Sometimes you can think of USTA’s gate outputs as a modulation source rather than just a stream of impulses to fire some envelopes.⁠

In this patch, we used them to clock SAPÈL’s yellow generator so that one new gate = one new random voltage. We also set the gates to the green color to create a denser rhythm on top of our melody.
An effortless technique for the USTA sequencer: while playing, hold Set All and push a CV or gate button while playing. It will keep the value played at that specific moment until you release it!⁠
Time to use those 16 outputs up there! In this patch, we used some individual bands to feed a shimmer reverb, thus obtaining a different harmonic feel every time.
FALISTRI Clock Manipulation #2
FALISTRI Clock Manipulation #1
Inverted V/Oct #2
Falistri Fake Delay
More messing around with USTA’s clock! Now CV B of track changes the clock tempo so that every stage has a different speed. It’s great for creating rubato and accelerando effects!⁠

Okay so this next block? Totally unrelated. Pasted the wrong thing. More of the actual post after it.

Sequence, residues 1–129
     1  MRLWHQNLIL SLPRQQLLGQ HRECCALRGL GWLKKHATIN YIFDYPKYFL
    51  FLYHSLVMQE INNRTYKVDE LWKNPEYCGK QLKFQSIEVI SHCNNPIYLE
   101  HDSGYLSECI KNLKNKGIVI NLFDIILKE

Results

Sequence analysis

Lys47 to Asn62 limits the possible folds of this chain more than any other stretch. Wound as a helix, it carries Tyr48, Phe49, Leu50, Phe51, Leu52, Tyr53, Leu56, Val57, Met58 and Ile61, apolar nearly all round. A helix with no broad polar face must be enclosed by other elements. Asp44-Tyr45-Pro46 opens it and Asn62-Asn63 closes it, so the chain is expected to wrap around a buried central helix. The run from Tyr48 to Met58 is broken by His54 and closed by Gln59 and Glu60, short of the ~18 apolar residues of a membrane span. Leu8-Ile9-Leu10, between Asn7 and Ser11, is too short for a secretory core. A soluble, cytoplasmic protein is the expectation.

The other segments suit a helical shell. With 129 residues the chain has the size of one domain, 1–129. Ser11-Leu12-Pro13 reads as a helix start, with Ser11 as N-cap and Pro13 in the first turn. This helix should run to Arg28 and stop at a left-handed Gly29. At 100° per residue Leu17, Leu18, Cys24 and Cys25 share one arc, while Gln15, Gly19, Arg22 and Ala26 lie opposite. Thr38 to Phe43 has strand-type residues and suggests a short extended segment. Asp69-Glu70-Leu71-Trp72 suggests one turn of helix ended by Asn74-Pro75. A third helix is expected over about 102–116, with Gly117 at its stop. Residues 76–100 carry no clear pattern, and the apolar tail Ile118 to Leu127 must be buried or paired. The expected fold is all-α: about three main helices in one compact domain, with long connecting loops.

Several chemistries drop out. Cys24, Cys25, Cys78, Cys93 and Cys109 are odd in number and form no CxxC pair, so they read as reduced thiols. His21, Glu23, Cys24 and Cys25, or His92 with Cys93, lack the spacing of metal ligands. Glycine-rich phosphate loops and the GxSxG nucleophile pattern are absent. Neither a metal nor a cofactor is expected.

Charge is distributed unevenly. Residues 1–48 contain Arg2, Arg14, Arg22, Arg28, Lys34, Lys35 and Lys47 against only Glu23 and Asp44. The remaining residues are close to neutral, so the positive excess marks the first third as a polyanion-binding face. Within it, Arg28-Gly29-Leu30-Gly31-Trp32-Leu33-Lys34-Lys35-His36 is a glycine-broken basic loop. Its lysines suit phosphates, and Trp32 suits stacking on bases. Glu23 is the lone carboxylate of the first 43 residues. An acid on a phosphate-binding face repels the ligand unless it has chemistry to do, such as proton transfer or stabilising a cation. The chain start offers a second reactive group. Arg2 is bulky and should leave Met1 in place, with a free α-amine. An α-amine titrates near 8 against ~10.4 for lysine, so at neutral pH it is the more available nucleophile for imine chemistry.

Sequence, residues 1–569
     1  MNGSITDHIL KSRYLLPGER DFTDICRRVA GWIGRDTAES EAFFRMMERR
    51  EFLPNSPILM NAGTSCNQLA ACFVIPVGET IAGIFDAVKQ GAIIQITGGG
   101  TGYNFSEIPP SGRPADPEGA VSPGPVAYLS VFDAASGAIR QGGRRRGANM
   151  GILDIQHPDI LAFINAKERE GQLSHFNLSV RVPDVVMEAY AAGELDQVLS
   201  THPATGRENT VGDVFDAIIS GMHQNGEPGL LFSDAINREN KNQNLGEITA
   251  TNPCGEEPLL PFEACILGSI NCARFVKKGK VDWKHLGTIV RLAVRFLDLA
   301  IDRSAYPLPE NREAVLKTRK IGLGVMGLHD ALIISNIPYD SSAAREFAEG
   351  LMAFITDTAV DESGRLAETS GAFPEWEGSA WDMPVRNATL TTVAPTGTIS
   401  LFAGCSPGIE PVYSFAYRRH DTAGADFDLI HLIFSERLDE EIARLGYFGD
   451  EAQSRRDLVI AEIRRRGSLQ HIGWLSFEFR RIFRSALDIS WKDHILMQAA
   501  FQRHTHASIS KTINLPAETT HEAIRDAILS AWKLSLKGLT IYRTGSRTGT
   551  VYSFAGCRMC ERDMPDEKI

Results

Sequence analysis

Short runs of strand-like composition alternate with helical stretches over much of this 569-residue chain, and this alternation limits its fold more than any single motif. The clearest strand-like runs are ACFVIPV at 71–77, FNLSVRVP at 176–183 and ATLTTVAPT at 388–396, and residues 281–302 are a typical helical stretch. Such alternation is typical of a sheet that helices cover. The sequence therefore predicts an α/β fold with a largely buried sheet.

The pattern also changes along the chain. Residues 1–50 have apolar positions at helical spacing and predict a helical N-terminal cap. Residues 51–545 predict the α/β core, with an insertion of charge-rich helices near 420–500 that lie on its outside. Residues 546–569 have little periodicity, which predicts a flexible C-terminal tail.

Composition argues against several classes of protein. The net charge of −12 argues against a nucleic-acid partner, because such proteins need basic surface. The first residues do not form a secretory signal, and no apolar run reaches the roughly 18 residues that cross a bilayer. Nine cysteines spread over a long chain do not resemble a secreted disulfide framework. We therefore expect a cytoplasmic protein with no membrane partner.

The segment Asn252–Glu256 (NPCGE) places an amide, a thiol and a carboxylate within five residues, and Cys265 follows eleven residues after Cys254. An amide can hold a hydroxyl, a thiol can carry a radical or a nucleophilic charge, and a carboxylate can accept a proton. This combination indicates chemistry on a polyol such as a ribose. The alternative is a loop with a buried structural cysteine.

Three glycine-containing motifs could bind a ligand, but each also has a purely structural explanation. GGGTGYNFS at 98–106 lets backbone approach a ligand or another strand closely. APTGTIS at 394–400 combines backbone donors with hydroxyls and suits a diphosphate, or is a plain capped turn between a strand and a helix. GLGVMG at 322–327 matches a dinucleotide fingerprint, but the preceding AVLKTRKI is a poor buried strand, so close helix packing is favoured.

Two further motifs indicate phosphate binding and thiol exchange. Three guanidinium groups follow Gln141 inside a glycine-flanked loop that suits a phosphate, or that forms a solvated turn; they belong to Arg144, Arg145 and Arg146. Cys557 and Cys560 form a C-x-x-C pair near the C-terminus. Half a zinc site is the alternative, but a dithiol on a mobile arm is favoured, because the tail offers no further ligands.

We always showcased the stage shift function with a random S&H in sync with the current track.⁠ Now we play with different ratios: when the track is faster than the stage shift CV, USTA will play some sequence fragments before shifting again!
The Stage Shift function doesn’t shift just the CV, but also the CV values: pair it with some green LEDs to recall some ratchets!
Today we want to mess around with that one thing you aren't supposed to touch: THE CLOCK.⁠
The Stage Shift allows you to pick other stage values within the pattern – even from stages that you're not playing! It can be nice to add a very controlled variation to your melody while still being able to get back to the original version.⁠